Category: Science


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NGC 7252: Hubble Captures Image of Atoms for Peace Galaxy

Dec 7, 2015 by Sergio Prostak

The NASA/ESA Hubble Space Telescope has produced this beautiful image of the inner parts of the distant galaxy NGC 7252.

This image shows the central regions of the peculiar galaxy NGC 7252. Image credit: NASA / ESA / Hubble / Judy Schmidt, www.geckzilla.com.

This image shows the central regions of the peculiar galaxy NGC 7252. Image credit: NASA / ESA / Hubble / Judy Schmidt, http://www.geckzilla.com.

NGC 7252, also known as LEDA 68612 or Arp 226, is a 12.7 magnitude peculiar galaxy in the constellation Aquarius.

It is about 212 million light-years distant and almost 200,000 light years across.

The galaxy has an odd nickname. In December 1953, President Eisenhower gave a speech that was dubbed Atoms for Peace.

The theme was promoting nuclear power for peaceful purposes – a particularly hot topic at the time.

This speech and the associated conference made waves in the scientific community and beyond to such an extent that NGC 7252 was named the Atoms for Peace galaxy.

This nickname is quite ironic, as the galaxy’s past was anything but peaceful.

Its peculiar appearance is the result of a collision between two similar gas-rich disc galaxies that took place about 600 million years ago, which ripped both galaxies apart.

The loop-like outer structures, likely made up of dust and stars flung outwards by the crash, but recalling orbiting electrons in an atom, are partly responsible for the galaxy’s nickname.

 

 

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…………………………………………………………..EurekAlert! Science News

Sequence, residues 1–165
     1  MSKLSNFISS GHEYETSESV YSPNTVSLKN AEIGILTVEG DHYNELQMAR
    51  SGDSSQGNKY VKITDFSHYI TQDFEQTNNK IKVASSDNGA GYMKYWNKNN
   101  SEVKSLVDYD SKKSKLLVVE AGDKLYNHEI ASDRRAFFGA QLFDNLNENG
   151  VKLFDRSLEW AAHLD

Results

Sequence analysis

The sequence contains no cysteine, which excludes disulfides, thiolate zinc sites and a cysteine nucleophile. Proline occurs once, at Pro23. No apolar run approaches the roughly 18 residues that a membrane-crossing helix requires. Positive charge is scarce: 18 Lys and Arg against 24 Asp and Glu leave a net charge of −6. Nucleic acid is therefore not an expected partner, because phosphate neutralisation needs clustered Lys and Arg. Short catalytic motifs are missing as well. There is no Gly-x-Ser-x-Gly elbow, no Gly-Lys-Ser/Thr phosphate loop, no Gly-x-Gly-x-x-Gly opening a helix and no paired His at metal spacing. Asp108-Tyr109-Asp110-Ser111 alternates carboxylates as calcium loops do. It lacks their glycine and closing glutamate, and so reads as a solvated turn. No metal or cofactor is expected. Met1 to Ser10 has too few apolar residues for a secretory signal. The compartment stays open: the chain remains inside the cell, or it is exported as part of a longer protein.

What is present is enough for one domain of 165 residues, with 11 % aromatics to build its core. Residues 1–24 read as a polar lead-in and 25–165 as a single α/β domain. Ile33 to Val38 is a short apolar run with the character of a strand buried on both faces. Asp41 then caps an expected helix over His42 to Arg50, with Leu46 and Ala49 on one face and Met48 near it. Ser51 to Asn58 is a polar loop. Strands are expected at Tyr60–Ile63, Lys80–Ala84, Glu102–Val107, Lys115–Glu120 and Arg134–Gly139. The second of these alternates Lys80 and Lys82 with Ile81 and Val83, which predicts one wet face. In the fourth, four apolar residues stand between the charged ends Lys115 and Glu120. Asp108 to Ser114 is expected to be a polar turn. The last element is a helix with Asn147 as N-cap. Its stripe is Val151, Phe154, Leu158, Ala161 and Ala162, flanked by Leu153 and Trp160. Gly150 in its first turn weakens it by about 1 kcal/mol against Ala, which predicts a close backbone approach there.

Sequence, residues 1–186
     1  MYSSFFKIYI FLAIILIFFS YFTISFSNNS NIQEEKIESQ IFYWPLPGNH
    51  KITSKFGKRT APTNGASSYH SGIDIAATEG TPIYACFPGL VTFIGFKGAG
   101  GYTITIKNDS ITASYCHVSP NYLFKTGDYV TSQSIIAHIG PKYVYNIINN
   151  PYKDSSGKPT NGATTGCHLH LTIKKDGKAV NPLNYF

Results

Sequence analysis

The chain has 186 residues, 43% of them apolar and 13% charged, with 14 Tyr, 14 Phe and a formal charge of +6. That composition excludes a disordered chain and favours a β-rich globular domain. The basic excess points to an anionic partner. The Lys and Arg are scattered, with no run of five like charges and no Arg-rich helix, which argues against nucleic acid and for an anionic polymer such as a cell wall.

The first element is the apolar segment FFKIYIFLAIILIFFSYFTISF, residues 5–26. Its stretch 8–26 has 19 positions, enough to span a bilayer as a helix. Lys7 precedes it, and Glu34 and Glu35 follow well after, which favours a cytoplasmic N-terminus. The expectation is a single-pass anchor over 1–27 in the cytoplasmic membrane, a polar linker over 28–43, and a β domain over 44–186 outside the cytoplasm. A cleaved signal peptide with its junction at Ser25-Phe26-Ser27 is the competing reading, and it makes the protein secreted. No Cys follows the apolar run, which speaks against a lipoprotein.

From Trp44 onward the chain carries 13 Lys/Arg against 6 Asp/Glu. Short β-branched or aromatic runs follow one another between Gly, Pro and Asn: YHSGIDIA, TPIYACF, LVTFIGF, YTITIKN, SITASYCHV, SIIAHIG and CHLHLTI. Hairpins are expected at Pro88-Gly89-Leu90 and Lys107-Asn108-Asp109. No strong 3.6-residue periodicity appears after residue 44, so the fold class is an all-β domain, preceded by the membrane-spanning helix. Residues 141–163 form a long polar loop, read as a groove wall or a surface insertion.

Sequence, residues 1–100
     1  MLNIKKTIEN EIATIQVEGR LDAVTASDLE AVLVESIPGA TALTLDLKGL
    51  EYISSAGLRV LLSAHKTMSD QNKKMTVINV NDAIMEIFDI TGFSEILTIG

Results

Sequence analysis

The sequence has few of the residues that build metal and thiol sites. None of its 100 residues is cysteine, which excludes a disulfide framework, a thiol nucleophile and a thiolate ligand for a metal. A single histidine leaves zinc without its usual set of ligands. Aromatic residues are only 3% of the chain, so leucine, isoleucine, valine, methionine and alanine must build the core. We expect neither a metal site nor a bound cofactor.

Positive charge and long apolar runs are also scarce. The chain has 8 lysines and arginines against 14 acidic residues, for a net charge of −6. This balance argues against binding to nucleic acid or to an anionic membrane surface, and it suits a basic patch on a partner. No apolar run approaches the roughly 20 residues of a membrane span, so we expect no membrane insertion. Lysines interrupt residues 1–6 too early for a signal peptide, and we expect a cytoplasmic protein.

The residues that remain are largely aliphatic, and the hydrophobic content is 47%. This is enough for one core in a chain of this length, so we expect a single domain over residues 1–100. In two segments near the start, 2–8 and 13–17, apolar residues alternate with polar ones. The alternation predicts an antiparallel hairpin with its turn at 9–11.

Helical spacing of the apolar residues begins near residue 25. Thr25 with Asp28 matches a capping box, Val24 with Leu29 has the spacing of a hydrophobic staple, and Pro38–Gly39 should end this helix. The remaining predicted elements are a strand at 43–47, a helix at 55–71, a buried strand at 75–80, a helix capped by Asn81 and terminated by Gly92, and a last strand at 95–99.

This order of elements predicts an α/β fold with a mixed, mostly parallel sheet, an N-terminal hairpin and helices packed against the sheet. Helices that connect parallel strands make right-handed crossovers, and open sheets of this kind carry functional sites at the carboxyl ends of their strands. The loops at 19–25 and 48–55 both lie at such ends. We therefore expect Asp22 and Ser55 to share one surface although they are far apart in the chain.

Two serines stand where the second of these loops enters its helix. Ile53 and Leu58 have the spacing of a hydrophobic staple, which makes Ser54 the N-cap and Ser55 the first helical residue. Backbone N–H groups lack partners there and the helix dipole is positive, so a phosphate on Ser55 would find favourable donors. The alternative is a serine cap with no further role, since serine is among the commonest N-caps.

Public Release: 1-Dec-2015

Viruses, too, are our fingerprint

University of Helsinki

EurekAlert! Science News

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IMAGE: The researchers document the presence of parvovirus DNA in the bones of Finnish World War II casualties who remained exposed to diverse climatic conditions in former Finnish, current Russian territory,… view more

Credit: Veikko Somerpuro / University of Helsinki

 

A group of researchers from the University of Helsinki and the University of Edinburgh have been the first to find the genetic material of a human virus from old human bones. Published in the journal Scientific Reports, the study analyzed the skeletal remains of Second World War casualties from the battlefields of Karelia.

Upon infection, many viruses remain in the tissues and their DNA can be analyzed even decades thereafter. Although their genetic material has been found in many organs, the researchers show that viral DNA is also present in bone.

“Human tissue is like a life-long archive that stores the fingerprint of the viruses that an individual has encountered during his or her lifetime,” describes Klaus Hedman, professor of clinical virology.

The finding has important implications since bone is most likely to be preserved after death, thus opening the door to the study of the viruses that caused infections in the past. In a publication in Scientific Reports, the researchers show that this is indeed the case. They document the presence of parvovirus DNA in the bones of Finnish World War II casualties who remained exposed to diverse climatic conditions in former Finnish, current Russian territory, until recent years when they were repatriated to their homeland.

 

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The New American

 

Friday, 04 December 2015

At UN Summit, Obama Blames America for Global Warming